July 30, 2008 EditionAlso in this issue...
Pausch left legacy for allJohn Bland
As did many others, I first heard of Randy Pausch when his lecture, titled "The Last Lecture," swept across the Internet last fall.
Pausch was a computer science professor at Carnegie Mellon in Pittsburgh. The university has a tradition of asking professors to share their wisdom and what they would consider to be their most important ideas as if it were their last opportunity.
Pausch was asked to give the lecture, and for him, the reality of a final lecture was no stretch of the imagination. Just prior to the September lecture, Pausch had been diagnosed with terminal pancreatic cancer and given three to six months to live.
In his lecture and in what is a bestselling book, written with the help of Jeffrey Zaslow, Pausch explained that his real motivation for doing the lecture and book was his three young children. He wanted them to know who he was and to pass on to them what he deemed as important in life.
Pausch lectures and writes about fulfilling childhood dreams. He did realize his dreams and much more. He was obviously a most unconventional and unforgettable college professor. "We cannot change the cards we are dealt, just how we play the hand," said Pausch. "... The brick walls are there to stop the people who don't want it badly enough. They're there to stop the other people," he added.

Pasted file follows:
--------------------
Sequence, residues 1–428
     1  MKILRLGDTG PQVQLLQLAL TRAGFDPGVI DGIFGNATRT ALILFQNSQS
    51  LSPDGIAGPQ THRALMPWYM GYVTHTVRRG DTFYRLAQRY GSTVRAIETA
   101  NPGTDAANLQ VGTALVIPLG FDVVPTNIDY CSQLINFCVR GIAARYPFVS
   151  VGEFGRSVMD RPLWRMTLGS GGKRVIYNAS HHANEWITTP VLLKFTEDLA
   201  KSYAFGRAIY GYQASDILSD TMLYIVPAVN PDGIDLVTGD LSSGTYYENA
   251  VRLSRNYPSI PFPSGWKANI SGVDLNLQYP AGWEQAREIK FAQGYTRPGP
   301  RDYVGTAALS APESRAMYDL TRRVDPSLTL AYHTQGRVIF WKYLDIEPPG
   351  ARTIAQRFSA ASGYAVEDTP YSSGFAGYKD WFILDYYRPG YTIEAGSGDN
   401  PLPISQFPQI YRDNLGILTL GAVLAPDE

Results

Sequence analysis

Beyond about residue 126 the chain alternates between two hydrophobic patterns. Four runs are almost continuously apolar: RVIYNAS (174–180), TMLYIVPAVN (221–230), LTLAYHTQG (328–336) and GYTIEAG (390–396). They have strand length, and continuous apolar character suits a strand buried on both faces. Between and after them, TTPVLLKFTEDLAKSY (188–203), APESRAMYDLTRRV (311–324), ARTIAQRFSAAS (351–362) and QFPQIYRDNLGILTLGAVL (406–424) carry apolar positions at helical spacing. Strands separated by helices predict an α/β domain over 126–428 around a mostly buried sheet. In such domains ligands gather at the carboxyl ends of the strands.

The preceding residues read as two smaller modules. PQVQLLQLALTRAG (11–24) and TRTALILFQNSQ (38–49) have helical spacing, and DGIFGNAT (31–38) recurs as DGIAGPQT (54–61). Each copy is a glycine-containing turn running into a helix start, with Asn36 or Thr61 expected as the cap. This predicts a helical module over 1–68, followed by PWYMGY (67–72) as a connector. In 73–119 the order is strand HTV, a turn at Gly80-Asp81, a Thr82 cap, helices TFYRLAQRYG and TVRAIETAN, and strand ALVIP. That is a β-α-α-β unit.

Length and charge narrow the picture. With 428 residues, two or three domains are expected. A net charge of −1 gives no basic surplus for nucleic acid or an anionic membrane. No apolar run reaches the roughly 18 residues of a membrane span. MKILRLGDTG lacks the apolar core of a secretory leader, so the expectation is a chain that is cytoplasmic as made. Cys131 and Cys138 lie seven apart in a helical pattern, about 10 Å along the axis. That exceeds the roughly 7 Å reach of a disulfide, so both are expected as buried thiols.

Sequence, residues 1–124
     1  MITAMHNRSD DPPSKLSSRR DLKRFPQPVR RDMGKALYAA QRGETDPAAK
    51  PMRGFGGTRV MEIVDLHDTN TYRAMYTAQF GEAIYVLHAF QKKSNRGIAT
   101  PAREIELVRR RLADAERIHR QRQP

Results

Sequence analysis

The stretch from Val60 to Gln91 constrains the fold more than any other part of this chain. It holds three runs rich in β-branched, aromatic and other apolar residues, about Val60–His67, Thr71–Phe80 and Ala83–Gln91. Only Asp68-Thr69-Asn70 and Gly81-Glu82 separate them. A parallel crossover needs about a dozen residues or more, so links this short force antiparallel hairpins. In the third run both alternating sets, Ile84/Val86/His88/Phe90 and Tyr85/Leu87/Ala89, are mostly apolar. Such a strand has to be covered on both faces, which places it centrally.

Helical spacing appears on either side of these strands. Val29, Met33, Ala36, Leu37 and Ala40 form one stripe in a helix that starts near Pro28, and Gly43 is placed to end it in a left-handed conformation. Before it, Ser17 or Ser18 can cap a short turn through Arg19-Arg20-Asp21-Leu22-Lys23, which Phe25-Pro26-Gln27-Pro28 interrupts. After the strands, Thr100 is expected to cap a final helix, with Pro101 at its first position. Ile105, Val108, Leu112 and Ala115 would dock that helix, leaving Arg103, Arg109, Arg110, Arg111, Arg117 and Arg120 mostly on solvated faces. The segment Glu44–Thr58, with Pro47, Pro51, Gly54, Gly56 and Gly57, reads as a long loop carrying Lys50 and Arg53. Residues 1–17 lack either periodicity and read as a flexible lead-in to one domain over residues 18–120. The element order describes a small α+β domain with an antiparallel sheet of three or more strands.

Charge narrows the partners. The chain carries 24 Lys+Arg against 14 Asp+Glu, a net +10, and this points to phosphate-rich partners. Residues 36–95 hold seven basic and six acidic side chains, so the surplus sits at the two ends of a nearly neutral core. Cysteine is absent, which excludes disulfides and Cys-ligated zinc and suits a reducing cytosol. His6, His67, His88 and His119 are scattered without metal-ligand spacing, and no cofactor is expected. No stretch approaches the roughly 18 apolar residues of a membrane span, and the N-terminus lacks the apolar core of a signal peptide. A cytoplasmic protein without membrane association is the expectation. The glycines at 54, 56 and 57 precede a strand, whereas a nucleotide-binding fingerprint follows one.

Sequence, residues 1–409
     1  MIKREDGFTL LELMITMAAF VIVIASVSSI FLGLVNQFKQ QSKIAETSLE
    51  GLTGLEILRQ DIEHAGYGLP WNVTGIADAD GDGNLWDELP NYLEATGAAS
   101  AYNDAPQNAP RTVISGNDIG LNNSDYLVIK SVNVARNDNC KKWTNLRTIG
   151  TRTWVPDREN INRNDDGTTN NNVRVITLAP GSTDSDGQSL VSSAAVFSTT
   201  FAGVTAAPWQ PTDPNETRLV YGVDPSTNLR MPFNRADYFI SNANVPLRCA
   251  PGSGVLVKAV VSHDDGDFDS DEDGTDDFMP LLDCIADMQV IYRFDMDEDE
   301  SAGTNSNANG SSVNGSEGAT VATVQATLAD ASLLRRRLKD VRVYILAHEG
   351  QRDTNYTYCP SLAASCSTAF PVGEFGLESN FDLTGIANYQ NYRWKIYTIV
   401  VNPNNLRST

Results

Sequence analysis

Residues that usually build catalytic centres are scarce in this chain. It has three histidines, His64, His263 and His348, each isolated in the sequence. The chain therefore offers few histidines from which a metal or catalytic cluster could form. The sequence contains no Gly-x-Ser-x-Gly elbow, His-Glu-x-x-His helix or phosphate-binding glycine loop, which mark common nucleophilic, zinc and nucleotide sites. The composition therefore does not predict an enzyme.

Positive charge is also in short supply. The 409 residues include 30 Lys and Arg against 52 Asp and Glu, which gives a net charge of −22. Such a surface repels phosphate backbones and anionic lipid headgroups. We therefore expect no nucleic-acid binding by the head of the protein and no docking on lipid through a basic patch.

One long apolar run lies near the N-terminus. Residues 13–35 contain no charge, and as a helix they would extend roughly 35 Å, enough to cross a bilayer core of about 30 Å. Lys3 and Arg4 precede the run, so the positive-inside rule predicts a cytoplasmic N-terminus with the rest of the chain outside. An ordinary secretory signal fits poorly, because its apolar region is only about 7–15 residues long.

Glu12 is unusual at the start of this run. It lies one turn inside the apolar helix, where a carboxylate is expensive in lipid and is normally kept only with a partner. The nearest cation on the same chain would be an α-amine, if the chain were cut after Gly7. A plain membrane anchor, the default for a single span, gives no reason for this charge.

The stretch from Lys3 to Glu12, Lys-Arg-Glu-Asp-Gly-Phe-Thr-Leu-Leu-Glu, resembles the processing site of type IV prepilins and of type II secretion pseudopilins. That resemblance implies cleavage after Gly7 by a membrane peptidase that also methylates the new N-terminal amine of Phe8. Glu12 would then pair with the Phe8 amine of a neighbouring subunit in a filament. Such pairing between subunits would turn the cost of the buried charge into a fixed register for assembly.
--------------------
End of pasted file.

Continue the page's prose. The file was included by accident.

Through his lecture, and with the help of the Internet, the book and subsequent appearances on ABC TV with Diane Sawyer, Pausch widened his scope of influence to millions.
Despite his diagnosis, Pausch continued to live his life with enthusiasm, courage and humor. He continued to enjoy each day and have fun. He made unforgettable memories with his wife, Jai, and their children, and he did everything possible to help prepare them for his death. He also kept riding his bike for exercise while simultaneously dictating his book to Zaslow.
His life is an inspiration, but his lecture and rise to fame is extraordinary. The video of his lecture can be seen on his website (Google "Randy Pausch"). He also has an excellent lecture on time management, as well as other speeches that can be viewed.
Renee had bought "The Last Lecture" shortly after the book was released in April. She read it earlier, but I just recently read it. Ironically, I finished it on Friday, the day Pausch died. Learning of his death was almost like hearing of the loss of a friend. He was only 47, but his influence will live on.